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There’s absolutely nothing Sunak can do to turn the tide, insists expert

Professor Alex De Ruyter, a politics expert and director at Birmingham City University's Centre for Brexit Studies, says Rishi Sunak faces an impossible task to keep the Tories in office beyond the next general election.

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Professor Alex De Ruyter

"I am of the view that the Tories are finished, regardless of what Sunak tries to do to stem the tide," he says.

"The economic model they have imposed on the UK is fundamentally broken and requires major change.

"For a country trapped in a cost of living crisis exacerbated by austerity and Brexit – both mandated by the Conservatives during their 12 years in office – trying to distract voters by being harsh on refugees or being anti 'woke' no longer cuts the mustard.

"Johnson campaigned in 2019 on the premise of 'levelling up'. This has proven to be empty rhetoric and Sunak himself boasted of taking money from deprived city areas to give to wealthy Tory shires.

"The claimant count for Universal Credit is higher in Wolverhampton and Sandwell than the UK average and even in Dudley, with its strong manufacturing base, full-time earnings remain below the UK average."

Professor De Ruyter adds: If Sunak is to turn Tory fortunes around in so-called Red Wall areas then he needs to do more for those least able to afford the necessities of life. That means taxing the rich more through measures such as a land value tax to replace the moribund council tax which is still based on 1990s property values, a 'Tobin Tax' on the finance sector, closing company tax loopholes and upping inheritance tax – i.e. taxing assets more and redistributing this to the poor.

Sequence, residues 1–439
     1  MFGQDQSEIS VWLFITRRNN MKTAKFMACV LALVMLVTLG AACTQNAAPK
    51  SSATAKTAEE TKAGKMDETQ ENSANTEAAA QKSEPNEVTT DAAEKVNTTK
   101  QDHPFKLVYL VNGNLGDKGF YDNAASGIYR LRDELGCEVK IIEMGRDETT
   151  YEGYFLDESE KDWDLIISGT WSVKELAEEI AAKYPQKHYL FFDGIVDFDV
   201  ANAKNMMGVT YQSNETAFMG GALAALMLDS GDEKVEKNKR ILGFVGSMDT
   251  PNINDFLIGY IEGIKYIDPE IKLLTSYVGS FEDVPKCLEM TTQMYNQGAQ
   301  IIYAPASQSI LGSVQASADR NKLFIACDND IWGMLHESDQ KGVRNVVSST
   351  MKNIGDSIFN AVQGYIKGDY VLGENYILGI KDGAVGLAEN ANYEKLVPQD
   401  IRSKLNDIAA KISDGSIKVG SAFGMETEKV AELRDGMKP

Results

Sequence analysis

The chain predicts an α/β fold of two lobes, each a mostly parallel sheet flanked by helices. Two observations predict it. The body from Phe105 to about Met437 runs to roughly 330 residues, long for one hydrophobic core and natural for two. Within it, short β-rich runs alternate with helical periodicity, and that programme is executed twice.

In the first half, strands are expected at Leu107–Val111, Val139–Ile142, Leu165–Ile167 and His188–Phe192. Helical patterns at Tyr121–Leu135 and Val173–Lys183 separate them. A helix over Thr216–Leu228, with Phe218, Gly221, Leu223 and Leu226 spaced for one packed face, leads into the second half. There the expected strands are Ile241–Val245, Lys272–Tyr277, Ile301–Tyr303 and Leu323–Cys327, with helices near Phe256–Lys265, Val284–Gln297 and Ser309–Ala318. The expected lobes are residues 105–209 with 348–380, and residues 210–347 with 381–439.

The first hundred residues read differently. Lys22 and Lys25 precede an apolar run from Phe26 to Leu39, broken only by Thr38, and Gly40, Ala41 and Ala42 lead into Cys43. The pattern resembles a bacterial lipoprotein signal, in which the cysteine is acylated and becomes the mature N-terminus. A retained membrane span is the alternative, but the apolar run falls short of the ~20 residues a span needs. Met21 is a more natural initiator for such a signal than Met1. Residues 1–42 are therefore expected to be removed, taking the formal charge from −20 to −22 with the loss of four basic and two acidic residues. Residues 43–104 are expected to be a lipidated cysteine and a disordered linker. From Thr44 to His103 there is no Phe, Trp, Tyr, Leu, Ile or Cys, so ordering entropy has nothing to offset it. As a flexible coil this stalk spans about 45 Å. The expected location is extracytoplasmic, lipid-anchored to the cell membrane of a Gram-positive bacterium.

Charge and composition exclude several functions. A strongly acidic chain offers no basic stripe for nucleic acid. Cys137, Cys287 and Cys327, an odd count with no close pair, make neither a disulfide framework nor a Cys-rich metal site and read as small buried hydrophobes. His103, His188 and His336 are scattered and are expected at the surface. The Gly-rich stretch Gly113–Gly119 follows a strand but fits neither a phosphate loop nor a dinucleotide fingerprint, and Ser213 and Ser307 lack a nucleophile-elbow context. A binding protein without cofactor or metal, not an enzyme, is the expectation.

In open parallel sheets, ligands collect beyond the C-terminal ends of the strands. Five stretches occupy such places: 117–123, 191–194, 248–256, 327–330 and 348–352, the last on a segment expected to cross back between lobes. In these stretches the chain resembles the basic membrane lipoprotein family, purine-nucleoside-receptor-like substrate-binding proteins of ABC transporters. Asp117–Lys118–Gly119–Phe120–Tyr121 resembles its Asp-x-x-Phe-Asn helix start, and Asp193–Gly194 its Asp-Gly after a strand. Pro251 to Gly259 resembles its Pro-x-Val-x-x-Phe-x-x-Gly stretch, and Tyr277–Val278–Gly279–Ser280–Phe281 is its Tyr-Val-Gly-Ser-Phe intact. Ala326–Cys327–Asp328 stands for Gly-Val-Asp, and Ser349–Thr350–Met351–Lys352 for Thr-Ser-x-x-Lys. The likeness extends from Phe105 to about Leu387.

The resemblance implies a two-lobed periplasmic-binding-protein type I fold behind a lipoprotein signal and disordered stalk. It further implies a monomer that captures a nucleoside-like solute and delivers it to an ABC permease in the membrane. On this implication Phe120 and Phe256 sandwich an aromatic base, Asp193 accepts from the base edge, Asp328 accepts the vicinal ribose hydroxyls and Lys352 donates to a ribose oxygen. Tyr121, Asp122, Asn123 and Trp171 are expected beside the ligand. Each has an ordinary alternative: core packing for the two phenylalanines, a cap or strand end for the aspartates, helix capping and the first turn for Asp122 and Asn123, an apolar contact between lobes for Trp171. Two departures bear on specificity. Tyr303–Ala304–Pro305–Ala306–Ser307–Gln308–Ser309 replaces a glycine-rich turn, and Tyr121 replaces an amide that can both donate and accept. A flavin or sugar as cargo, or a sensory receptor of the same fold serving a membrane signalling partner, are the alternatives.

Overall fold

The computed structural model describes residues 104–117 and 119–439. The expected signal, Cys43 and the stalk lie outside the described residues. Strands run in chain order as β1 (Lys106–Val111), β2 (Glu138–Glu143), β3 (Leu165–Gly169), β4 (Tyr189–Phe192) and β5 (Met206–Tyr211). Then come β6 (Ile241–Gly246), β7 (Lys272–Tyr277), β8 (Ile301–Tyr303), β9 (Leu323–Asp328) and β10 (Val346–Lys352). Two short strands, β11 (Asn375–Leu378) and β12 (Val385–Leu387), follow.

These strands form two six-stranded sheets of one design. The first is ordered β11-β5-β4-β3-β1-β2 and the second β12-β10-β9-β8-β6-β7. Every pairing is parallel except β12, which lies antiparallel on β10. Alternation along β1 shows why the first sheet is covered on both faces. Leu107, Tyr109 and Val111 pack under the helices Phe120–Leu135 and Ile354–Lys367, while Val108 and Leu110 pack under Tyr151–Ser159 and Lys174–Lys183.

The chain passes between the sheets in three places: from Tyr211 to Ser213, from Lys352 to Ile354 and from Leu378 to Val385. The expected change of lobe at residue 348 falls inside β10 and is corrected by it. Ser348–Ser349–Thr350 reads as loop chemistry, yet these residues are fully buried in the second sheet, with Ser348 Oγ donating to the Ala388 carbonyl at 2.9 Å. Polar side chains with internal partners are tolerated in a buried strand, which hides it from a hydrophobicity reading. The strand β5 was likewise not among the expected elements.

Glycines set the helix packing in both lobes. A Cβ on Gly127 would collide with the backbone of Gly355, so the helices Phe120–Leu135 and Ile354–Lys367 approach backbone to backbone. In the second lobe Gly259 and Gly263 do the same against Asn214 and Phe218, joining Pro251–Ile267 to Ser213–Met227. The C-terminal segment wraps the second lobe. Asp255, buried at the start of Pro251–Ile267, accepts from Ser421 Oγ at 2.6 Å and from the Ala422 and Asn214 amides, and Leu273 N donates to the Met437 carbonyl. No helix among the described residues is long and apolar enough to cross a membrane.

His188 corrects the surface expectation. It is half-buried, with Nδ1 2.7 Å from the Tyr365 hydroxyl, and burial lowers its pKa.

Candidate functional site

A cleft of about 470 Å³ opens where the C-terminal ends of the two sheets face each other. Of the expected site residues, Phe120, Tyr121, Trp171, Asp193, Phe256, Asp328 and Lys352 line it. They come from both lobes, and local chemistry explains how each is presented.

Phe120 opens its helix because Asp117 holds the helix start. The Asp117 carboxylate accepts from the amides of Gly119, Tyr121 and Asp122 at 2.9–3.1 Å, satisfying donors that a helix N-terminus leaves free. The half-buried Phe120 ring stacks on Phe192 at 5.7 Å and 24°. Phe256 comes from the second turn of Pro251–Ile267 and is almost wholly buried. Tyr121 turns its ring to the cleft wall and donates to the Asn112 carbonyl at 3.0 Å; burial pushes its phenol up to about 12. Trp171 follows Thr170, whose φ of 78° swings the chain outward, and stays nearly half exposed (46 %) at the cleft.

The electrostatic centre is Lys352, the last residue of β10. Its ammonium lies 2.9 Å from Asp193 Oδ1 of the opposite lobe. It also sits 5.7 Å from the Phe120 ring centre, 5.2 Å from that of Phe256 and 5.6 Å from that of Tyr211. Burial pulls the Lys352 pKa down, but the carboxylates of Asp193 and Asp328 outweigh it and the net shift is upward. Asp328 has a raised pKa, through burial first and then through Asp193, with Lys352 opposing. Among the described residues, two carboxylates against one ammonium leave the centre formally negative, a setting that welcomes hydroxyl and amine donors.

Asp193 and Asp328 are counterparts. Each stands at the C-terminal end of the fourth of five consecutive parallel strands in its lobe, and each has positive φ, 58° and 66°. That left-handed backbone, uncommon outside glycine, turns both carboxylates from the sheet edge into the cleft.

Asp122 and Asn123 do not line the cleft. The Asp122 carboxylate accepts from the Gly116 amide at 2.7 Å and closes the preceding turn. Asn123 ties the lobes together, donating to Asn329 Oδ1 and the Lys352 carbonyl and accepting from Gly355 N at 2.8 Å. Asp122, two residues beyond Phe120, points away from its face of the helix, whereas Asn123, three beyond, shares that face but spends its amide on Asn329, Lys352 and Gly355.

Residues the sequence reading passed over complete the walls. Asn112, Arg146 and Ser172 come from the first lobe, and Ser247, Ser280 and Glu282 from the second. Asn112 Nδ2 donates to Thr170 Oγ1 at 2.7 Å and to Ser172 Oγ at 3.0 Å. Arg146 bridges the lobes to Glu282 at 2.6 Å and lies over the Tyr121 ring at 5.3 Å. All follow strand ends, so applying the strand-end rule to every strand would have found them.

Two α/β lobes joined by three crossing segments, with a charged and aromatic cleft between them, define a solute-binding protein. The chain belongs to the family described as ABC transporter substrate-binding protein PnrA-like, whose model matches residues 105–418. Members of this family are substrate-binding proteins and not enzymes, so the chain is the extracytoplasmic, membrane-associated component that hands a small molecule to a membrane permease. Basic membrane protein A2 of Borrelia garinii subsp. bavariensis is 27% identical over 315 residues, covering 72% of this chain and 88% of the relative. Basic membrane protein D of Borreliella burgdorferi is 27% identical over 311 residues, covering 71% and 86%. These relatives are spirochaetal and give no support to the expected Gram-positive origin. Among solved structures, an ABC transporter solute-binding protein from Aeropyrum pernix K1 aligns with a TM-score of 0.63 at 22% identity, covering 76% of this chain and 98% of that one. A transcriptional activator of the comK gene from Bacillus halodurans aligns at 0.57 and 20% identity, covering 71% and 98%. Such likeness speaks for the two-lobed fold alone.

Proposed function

"For regions such as the Black Country which are manufacturing hubs we also need a proper place-based industry policy to assist firms to shift to the green economy as we face the Net Zero challenge.

"Despite the (largely empty) rhetoric at a regional level about the West Midlands having an 'Electric Vehicle Cluster', the region remains highly dependent on the production and investment decisions of key players like Jaguar Land Rover and at this stage, it remains highly unlikely that JLR would source batteries from within the region."

He continues: "The automotive sector supply chain faces real challenges in terms of lack of skills and ability to provide key parts for electric motors. In addition, being far away from sources of renewable energy places the region at a real competitive disadvantage to say the North East, given the cost of electricity.

"The Government needs to sit down with firms like JLR and help them to secure as much as possible from within the region.

"However, I don’t see any of this happening and the right wing of Sunak’s own party wouldn’t let this happen anyway, even if he showed any genuine desire to do so.

"For Keir Starmer, the temptation is to play it safe, and indeed this is what Labour are doing, being anxious to place as little ground between them and the Government as possible on things like Brexit, fiscal prudence and being patriotic.

"Given the Tories continued propensity to self-destruct, playing safe will in all likelihood be enough to get Labour into government, probably with a majority.”